The opinion of the court was delivered by: DUFFY
This action arises out of the assignments of a mortgage owned by the partnership Lexington/56th Associates ("Lex/56") to various defendants. The plaintiff Elsa Natowitz, a limited partner in Lex/56, alleges that general partners and others defrauded the partnership and rendered the partnership worthless. The defendants are George Mehlman, Philip Wolitzer, Milton Kestenberg, who are general partners of Lex/56, Mehlman Management Corp., a New York corporation owned and operated by George Mehlman, Midlex Associates, a New York corporation in which Mehlman and Wolitzer are partners, Stephen Frank, Matthew Berger, Herbert Glabman, Paul Green and the law firm in which he is a partner, Green & Ettinger, Barry Traub, the estate of Walter J. Schneider, the Mastan Company, Inc., a Delaware corporation, Helmsley-Spear, Inc. ("Helmsley-Spear"), a New York corporation, Chemical Bank, a New York banking corporation and 56th/Lexington Associates ("56th/Lex Assoc."), a New York partnership. The complaint charges one or all of the defendants with violations of Section 10(b) of the Securities Exchange Act of 1934, 15 U.S.C. § 78j, and Rule 10b-5 promulgated thereunder, Section 352-c of the New York General Business Law, common law fraud, Section 98 of the New York Partnership Law, and breach of fiduciary duty. Defendants Helmsley-Spear, 56th/Lex Assoc., Berger, Frank, Green, Green & Ettinger and the estate of Walter J. Schneider move to dismiss the complaint. For the purposes of these motions to dismiss, the allegations in plaintiff's complaint must be deemed true. 2A J. Moore, Federal Practice, P 12.08 at pp. 2266-67 (2d ed. 1981).
In January of 1961, the Lex/56 partnership and Midlex Associates, purchased an undivided fee ownership of two-thirds of a building located at 140-150 East 56th Street, New York, New York. This purchase constituted the partnership's sole asset. In late 1966, Lex/56 sold its share in the building to 56th/Lex Assoc. and received a mortgage in return. The mortgage payments owing to Lex/56 thus became its sole asset. Helmsley-Spear was appointed managing agent of the building at that time, a position it still holds today.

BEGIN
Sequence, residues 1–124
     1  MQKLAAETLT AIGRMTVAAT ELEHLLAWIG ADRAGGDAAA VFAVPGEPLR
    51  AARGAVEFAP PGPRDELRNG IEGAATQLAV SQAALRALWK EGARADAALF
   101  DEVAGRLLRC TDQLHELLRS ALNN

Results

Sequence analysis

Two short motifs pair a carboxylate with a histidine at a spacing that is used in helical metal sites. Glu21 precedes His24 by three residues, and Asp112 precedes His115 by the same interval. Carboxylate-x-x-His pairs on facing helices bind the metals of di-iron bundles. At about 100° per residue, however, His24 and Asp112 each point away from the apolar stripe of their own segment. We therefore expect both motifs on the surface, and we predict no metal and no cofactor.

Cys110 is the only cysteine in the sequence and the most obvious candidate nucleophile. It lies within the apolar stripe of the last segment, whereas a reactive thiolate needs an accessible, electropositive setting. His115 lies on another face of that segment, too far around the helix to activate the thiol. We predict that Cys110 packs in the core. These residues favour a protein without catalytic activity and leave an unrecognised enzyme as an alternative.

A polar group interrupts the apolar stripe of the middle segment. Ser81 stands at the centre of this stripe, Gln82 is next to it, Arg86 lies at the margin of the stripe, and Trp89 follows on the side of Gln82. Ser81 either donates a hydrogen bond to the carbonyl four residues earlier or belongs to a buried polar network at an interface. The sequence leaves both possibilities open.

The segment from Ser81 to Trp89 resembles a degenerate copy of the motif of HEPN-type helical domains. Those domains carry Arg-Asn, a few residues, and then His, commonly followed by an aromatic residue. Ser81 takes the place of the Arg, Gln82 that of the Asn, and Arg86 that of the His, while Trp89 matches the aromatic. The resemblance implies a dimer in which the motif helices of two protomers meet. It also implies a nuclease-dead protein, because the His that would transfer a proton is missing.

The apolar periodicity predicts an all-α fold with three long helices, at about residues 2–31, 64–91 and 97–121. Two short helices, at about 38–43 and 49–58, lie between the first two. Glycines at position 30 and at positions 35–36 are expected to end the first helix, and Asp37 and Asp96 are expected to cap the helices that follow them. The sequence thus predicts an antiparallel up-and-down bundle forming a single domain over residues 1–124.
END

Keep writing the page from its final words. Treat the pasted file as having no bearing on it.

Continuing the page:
Natowitz states that she purchased a limited partnership interest in Lex/56, at a time unstated,
in reliance on the representations that the sole partnership asset (either the Building or, subsequently, the Mortgage) would not be sold or transferred without (the limited partners') knowledge and written consent (as required by Section 98 of the New York Partnership Law), but in any event, if such property were sold and transferred, it would not be for less than full and fair consideration to the Partnership.
Verified Complaint, P 23. In purported violation of this promise to obtain prior permission and fair consideration for the sale of any partnership assets, defendants Mehlman and Wolitzer, allegedly with defendant Kestenberg's knowledge, assigned Lex/56's mortgage interest without either the knowledge or consent of the limited partners. In compliance with the assignment contract, the monthly mortgage payments were thereafter made by 56th/Lex Assoc. and Helmsley-Spear to defendants Frank and Berger instead of to Lex/56. Consequently, Lex/56 has not received the mortgage payments since October, 1978. In consideration for the assignment of the mortgage, defendants Green, Frank and Berger cancelled the antecedent personal debts owed to them by George Mehlman.
The plaintiff alleges that the assignments of the mortgage, absent consideration or knowledge by the limited partners, constitute a fraudulent forced sale of her interest in the partnership asset because it rendered Lex/56 worthless.